Cloying Cable Subscriptions: An Obstacle Or Selling Point For iTV?


Just over one year ago, the second-generation Apple TV enabled my family to do something I had dreamed about for several years—canceling cable TV service. In a day, hours of mindless channel surfing disappeared, along with all the commercials, filler content, and scheduling unpredictability of broadcast television. Using Netflix as a primary resource and the iTunes Store as a backup, everything became on-demand; our three-year-old daughter actually expressed surprise one day when she saw her first live TV show interrupted by an advertisement. We saved money every month, enjoyed watching past seasons of shows we wouldn’t have sampled otherwise, and bought new episodes now and again. It was great.

But it didn’t last. Just before the release of the barely-changed third-generation Apple TV this month, the cable TV topic came up again, and—after intense discussions—we signed up again at an aggressive promotional price. Service resumed two days later. Everything we’d been missing, to use those words collectively and somewhat ambiguously, suddenly flooded back onto our television screen. Shows we would never have paid individually to watch were now available live, or for immediate DVR access, without iTunes’ “next day” or Netflix’s “next season” lag time. The channel guide lit up with hundreds of options to page through one at a time, half-hour by half-hour, and we were back to a remote control with dozens of buttons to hunt through and learn. Apparently, the little yellow triangle does something important. And if we want to record a show, the little red “Rec” button might not do it. That sort of stuff.

After a year without cable TV, the first night back was interesting. We took turns with the remote, going through channels, resting on whatever intrigued one of us. After 20 minutes of hunting, my wife settled on “Khloe and Lamar” with some initial excitement, but was thankfully so nauseated after 15 minutes that she changed the channel. She vowed, however, to return to the E! Network in the near future. As she hunted for shows or movies that sounded good, she discovered that our cable provider’s TV guide was littered with channels that were locked with additional charges, unwatchable unless we upgraded our subscription by $10 or $15 per month—each. After surveying all the options, she determined that there were actually only four channels she wanted to watch. Just as was the case before, channel surfing was quickly becoming boring, so she handed over the remote. Making the best of the situation, I started hunting for new episodes of shows we’d previously purchased through the iTunes Store, and set up the DVR to record them. We could make this monthly subscription worth paying for, if we used it correctly.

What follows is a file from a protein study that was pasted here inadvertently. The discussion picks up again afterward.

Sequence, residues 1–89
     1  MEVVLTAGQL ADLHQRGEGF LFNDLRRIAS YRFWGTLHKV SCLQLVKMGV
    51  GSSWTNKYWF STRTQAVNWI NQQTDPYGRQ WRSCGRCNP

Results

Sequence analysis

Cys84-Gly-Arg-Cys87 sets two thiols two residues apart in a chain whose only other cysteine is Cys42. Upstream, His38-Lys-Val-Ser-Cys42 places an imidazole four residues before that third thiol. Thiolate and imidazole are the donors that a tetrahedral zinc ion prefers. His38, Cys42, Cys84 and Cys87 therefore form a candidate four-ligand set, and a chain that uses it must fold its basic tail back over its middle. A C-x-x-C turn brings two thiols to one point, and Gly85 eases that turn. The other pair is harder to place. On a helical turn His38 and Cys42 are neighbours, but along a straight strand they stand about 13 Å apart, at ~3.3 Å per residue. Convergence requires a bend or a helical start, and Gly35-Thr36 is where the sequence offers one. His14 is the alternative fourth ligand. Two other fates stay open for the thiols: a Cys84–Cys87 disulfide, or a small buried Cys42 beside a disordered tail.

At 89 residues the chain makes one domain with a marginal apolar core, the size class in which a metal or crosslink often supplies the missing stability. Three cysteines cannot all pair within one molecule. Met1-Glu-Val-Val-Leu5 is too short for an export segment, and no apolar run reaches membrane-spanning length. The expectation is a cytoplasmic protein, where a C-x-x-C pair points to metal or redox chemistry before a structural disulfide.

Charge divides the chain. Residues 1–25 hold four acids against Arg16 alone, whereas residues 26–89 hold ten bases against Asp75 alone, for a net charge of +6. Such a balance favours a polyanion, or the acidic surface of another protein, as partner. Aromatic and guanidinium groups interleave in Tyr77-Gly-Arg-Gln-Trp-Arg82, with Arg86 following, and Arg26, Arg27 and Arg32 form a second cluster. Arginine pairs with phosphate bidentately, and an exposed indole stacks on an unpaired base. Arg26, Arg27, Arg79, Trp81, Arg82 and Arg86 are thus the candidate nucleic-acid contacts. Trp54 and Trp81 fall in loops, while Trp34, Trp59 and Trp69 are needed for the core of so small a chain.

Yet within several hours, the Apple TV was back on, Netflix was taking over the screen, and we were back to our prior routine—find an interesting show, press a button, and start watching it. Simpler. Better. Immediate access to older content. And it’s been pretty much that way for the past two weeks now. We’ve flipped over to cable TV only a handful of times, and then mostly to watch DVRed episodes rather than live content. We may wind up cutting the cord again. Maybe not.

Since Apple’s working on iTV, a new television set that is expected to offer considerable functionality beyond the current-generation $99 Apple TV accessory, iLounge’s editors have spent a lot of time thinking about what the set will look like, whether it will connect to legacy television cables or accessories, and how it will work. Everyone assumes that it will deliver a better TV experience, and we’d bet that will happen. But, having failed to supplant cable TV with its existing “hobby” Apple TV devices, the critical question facing Apple is how it will manage traditional cable television content alongside iTunes, Netflix, and other on-demand services. Many users, particularly families, won’t even consider cutting cable service. Some—including most of us—have continued to want basic network channels simply to have live access to local news in the event of an emergency. An iTV without a coaxial cable plug would be bold, disruptive, and frankly desirable for those of us who aspire to permanently “cut the cable.” But it might also be seen as an outright declaration of war by Apple against traditional cable television, and one that the company might not be interested in fighting.